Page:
Les Blank passed away on April 7th, 2013, at the age of 77. The three-part retrospective screening at the current Hot Docs film festival, presented as an award for Outstanding Achievement, was never intended to be a postmortem tribute, but it’s hard to imagine a more appropriate commemoration. Les Blank was always engaged in a kind of accidental remembrance: his three dozen documentaries, each an act of loving portraiture, were snapshots in the moment but time capsules upon reflection, his filmography as much historical record as it is an extended family album.
The Hot Docs award retrospective has been divided into three themed programs, but it’s the third of these suites, entitled “Pleasures,” that proves most representative of the unique gifts Blank leaves behind. “Pleasures” opens with Dry Wood, a much-beloved early short from 1973 about local musicians in French Louisiana, and a film that’s typical of Blank’s sensibility: drawing heavily on the sights and sounds (and smells) of the Black Creole culture within which it’s steeped, Dry Wood is loose and lackadaisical, drifting through cookouts and concert performances with an eye for the texture of the area and a feel for the spirit of the milieu. Like all of Blank’s best work, it’s a film about the experience, captured with little mediation; the pleasure here lies in looking and listening, in letting the world Blank captures wash over you.
Always for Pleasure remains one of the most purely enjoyable films ever made for the simple reason that it depicts pure enjoyment. And a very particular cultural enjoyment at that: set in and around mardi gras celebrations in New Orleans circa 1978, the film now looks more like a work of fantasy fiction than an authentic document of the era. The film itself is a celebration: a gleeful acclamation of a culture in perpetual revelry—where even funerals, as we see here, are triumphant declarations of life over death—it’s more content as documentaries go to be infectious than strictly informational. Always for Pleasure is, in a sense, about the liberating effect of indulgence, suggesting that harmony (of race, class, gender) can be found in a party in the street; its conception of urban spaces as shared public clubs and impromptu parade grounds makes the New Orleans of the period look like a veritable paragon of social unity. The most inconsequential gestures—brewing a mound of crawfish in hot sauce, tossing an empty beer can on the curb, stumbling upon a recipe for beans and ham—become positively soul-enriching, together composing a lifestyle of vitality and vibrancy that makes modern living seem painfully dull by comparison.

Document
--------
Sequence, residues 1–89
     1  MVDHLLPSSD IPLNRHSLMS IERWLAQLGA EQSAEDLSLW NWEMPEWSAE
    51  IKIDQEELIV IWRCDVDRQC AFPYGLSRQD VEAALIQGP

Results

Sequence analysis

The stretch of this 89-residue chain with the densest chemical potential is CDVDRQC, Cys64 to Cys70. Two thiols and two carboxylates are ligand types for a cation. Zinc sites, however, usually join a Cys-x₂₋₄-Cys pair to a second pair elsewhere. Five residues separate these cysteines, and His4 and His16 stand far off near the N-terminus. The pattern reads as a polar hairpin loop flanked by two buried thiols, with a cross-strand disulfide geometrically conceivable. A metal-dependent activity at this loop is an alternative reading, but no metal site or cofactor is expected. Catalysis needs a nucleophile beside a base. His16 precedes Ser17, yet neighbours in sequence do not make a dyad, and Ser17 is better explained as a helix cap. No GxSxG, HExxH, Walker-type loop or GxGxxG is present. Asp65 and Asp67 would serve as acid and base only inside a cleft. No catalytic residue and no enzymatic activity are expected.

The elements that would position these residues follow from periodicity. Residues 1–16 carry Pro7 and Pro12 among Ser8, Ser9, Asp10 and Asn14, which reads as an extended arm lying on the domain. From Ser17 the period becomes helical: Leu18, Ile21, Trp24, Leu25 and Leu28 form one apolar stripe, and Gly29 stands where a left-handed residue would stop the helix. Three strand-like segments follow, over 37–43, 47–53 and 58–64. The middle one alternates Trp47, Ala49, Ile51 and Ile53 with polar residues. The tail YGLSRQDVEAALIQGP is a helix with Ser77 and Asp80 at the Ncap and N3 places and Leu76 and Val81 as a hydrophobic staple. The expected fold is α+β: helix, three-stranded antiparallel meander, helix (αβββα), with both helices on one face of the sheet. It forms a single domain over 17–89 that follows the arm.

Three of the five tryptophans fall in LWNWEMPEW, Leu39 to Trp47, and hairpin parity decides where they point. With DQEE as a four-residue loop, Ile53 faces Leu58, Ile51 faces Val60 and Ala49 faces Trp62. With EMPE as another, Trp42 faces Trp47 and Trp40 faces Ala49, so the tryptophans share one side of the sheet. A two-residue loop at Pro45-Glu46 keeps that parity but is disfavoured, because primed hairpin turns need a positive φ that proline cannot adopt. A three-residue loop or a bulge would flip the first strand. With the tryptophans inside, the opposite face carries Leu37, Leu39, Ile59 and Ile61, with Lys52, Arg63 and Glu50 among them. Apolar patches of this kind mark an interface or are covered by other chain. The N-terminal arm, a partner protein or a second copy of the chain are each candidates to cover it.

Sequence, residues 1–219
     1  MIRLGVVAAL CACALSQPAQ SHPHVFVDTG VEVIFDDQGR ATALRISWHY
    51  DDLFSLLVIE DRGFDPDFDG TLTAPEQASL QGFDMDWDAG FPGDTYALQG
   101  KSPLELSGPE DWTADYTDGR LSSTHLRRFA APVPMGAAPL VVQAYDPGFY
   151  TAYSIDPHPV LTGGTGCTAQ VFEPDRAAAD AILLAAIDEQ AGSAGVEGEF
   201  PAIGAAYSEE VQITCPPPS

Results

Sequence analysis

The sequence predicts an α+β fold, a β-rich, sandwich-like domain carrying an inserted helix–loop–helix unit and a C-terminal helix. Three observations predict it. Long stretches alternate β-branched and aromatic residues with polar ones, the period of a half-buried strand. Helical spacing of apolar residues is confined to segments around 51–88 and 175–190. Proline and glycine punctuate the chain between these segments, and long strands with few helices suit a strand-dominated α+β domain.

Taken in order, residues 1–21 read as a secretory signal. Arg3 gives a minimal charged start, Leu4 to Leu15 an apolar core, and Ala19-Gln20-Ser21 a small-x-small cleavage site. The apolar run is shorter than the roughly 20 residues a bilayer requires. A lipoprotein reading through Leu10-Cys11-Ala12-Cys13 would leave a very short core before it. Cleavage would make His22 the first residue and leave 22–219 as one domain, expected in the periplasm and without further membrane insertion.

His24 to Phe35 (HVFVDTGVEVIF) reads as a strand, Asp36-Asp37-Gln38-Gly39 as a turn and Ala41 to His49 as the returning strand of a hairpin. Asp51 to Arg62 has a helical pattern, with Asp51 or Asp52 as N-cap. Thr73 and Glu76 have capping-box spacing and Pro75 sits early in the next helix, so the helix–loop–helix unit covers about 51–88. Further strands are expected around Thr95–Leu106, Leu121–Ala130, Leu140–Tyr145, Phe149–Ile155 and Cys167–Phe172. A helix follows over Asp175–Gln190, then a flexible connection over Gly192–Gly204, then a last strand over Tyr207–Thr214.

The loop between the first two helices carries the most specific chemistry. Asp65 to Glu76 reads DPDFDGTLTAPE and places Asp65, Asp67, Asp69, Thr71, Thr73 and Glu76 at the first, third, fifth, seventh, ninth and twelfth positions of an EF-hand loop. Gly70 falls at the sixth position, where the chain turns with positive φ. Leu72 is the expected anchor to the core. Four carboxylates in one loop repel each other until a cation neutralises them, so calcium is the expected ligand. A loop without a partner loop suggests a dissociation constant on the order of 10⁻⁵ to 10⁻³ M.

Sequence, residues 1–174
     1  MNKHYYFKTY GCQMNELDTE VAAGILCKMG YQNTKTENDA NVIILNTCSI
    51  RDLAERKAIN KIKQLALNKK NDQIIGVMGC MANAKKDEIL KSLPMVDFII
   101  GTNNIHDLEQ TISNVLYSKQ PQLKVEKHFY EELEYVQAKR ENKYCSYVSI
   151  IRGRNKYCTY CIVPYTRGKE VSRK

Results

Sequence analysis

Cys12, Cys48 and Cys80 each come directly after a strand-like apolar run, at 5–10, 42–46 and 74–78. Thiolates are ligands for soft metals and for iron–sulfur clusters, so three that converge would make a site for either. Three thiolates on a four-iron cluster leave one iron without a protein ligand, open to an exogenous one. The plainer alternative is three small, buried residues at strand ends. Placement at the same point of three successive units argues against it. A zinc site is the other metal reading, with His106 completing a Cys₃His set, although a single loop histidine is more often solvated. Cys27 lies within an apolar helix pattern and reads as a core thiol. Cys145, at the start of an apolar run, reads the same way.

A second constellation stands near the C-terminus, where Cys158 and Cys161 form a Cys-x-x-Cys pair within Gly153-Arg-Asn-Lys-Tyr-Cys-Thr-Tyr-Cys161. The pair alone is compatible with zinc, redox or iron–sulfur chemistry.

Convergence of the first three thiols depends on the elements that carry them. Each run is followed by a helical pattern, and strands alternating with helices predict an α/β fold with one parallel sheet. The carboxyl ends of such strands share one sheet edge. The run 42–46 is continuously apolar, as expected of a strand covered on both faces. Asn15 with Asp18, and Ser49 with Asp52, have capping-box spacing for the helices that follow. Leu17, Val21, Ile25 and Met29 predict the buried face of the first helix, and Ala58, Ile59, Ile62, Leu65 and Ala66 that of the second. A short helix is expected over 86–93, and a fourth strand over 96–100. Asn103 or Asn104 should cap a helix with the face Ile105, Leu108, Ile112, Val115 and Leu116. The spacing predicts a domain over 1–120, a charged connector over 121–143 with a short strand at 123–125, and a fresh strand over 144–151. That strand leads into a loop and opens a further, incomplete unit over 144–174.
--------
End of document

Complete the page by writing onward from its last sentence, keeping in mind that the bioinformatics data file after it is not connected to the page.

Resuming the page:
It’s plausible that the two filmmakers with whom Blank is most commonly compared, Errol Morris and Werner Herzog, could have made a film like Gap-Toothed Women, at least in terms of subject and conception. On paper it seems of a piece with the sort of thing you’d find in early Morris films like Gates of Heaven, Vernon Florida and Mr. Death: The Rise and Fall of Fred A. Leuchter Jr., or in late-period nonfiction works by Herzog like Grizzly Man, Encounters at the End of the World, and his recent film about death row inmates Into the Abyss. What these documentaries have in common more than anything else is the peculiarity of their subjects: whether it’s shut-in devotees of a small-town pet cemetery, eccentric Floridian retirees, delusion execution technicians turned holocaust deniers, self-appointed bear caretakers, or zoologists living in Antarctica, the high-concept selling point is the examination of an idiosyncratic milieu.
In many of these cases, the temptation to assume a perspective of (typically implied) superiority over the subject proves too hard to resist, and at their worst these films veer away from merely documenting weird people toward actively mocking them, inviting us to delight at their weirdness instead of attempting to understand them in a meaningful sense. Les Blank, on the other hand, was fundamentally incapable of mocking anybody who came before his lens. His capacity for empathy eclipsed any sense of judgment, making the subjects of his films people with whom we’re encouraged to relate rather than oddities we’re directed to ridicule.
And so while Gap-Toothed Women—a 30-minute documentary about, yes, women living with a small gap between their two front teeth—sounds like an occasion to highlight a peculiar feature as a kind of low-key sight gag, Blank focuses on a readily apparent and easily identifiable physical marking in order to subtly redirect our attention to the real people who bear it every day. Rather than define the women before his camera by this one miniscule point—a point many of them feel does define them to strangers in the street—Gap-Toothed Women regards them as interesting, three-dimensional people who simply happen to share this strange and uncommon diastema. And rather than focusing exclusively on women born with something as insignificant as a gap between their teeth because it’s strange, part of the point is to underscore that strangeness: we’re meant to reconsider our perception of what is basically an arbitrary standard of beauty, particularly as it applies to women, and to wonder why a gap is such a big deal.
Blank’s quietly observational style—curious, probing, involved but almost always self-effacing—resulted in films which, true to the foundation of the medium, really did document in the most basic sense, surveying a person or place with an eye ever-attuned to detail and nuance. Blank didn’t simply watch and record his subjects; he scrutinized them, contemplating thoughtfully and with a peerless naturalism. Blank pored over his subjects: his camera wandered endlessly, soaking in local flavor, discovering beauty in even the bland and benign. When we lost Blank, we didn’t just lose an esteemed filmmaker—we lost a way of looking at the world.